Archinect
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Architecture or Dentistry

olez

Dear Archinect,

Should I go for Architecture or Dentistry?

I am Norwegian, been accepted to both(Arch at ETH as well as awaiting results from several other schools, Dent at the University of Copenhagen) and I am twisting my mind in search for the right choice. I know similar questions have been asked and thoughtfully replied to before, although I can’t seem to find the great interest in dentistry amongst architects. I find the main link in the appreciation of aesthetics and good, well-functioning design and details as well as building work, although it is on a slightly smaller scale for dentists. Anyway, here it goes:

Architecture:

A passion since I could ever remember(Lego, Brio, building huts in the woods etc., drawing, Remodelling houses for ten years with building-crazed father, who wanted to become an architect, but ended up as a Professor of Economics after doubting his drawing skills, I have always been passionate and fascinated about cities, neighbourhoods, parks, buildings and how they affect us in daily life)

I imagine university life to be immensely demanding, but still satisfying given the creative, passionate atmosphere architecture schools seem to have as well as a truly fascinating curriculum, in addition to the pure joy of making models and drawing! However… at ETH they seem to be working so much sleeping at school is the norm for periods at a time. Is this a way to spend the 20s?

I have a great interest in law and business, absolutely love arguing for what I believe in as well as keep my heads up on what is happening in the property world.

All architects I have met have encouraged me to go for it, even though they are not all still/ever were in love with it

However… I like having fun(as in travelling, kite-surfing, working out, music(play the bandoneon and trumpet, jazzy improvisation/nu tango/electronica) and having a laugh with good people). Somehow I have the impression architects tend to be depressing after a while, at least that is the impression one gets across this board. I guess this could be due to overworking(which it seems one must in this field), relationship dramas and loneliness in the event of being the sole proprietor of a practice and the fact that archinect is mainly for venting.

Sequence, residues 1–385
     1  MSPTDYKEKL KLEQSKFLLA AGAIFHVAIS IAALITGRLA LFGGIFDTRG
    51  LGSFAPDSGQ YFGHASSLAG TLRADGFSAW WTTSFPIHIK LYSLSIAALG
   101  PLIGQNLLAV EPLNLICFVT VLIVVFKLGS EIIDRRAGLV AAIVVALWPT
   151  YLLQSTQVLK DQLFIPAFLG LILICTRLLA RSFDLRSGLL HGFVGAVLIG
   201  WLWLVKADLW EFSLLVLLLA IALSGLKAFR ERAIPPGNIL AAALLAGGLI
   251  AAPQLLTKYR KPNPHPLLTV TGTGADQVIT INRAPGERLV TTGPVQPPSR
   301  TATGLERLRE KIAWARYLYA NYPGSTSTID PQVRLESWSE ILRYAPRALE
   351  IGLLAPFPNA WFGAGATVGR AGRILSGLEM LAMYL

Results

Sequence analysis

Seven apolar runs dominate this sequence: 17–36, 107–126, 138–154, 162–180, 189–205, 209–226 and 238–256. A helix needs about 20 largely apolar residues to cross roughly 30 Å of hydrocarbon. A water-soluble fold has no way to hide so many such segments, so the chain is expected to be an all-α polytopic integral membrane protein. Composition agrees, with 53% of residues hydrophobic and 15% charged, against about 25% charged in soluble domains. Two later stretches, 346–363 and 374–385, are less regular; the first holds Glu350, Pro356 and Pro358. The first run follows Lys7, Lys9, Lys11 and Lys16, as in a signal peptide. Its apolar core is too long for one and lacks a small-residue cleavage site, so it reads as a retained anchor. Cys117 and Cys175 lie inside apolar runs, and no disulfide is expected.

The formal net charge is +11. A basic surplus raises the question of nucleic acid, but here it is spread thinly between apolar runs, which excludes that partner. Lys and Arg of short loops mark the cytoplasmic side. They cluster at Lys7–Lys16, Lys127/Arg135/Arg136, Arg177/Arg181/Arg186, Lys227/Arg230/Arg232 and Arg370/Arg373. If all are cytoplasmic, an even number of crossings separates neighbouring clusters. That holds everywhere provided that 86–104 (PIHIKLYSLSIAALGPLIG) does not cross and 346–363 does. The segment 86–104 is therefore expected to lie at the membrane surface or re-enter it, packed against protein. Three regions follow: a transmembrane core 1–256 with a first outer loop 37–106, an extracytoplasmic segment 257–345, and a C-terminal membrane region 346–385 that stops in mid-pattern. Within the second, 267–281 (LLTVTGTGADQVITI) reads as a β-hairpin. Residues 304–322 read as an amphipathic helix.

I speak seven languages and would love to be able to use these in my work from time to time

Don’t know if it helps really, but through my father there are many property people, some, I imagine, could be quite valuable to know

At the same time I hate networking, but I hate more the idea of not being able to support a family

More or less my whole family seems to be laughing at the thought of dentistry and admiring architecture


Dentistry

Would earn at least three times as much as an architect and would have much better chances of finding work at any time, anywhere(ideally I’d want to live in Italy, no problem to live well there as a dentist, as a foreign architect however…). An unemployment rate at some 10-15 percent amongst architects is somewhat scary

The demand to be on top all the time wouldn’t be as pressurising, a dentist will always have plenty of work available. I could work at work and focus on passions such as music/sports/life afterwards. I like life. My sister is a pianist, works constantly and has never been on a holiday, I don’t envy her.

No need to network as such, only get patients who are happy to see you. And you are forced to stay humble as no patients will see you otherwise

Get to do hands-on work where I can see immediate improvements of peoples appearance(esp. within cosmetic dentistry and orthodontics) as well as look out for/treat serious illnesses(supposedly one can see symptoms of approx. seventy percent of deseases in the body by observing the oral cavity)

I find learning about the body and people in general fascinating. And the idea of doing forensic work in criminal cases as well as work on animals seems fascinating and fun(realistic as well)

I could travel and do aid work(another dream, I once felt particularly useless when arriving at a poor village in the Venezuelan Amazon with nothing valuable to give back in return to warm hospitality)

Would love the chance to design and run a surgery my way, in my dreams even perhaps several surgeries if business was good. And given the changing demographics in Europe/obsession about appearances business should be booming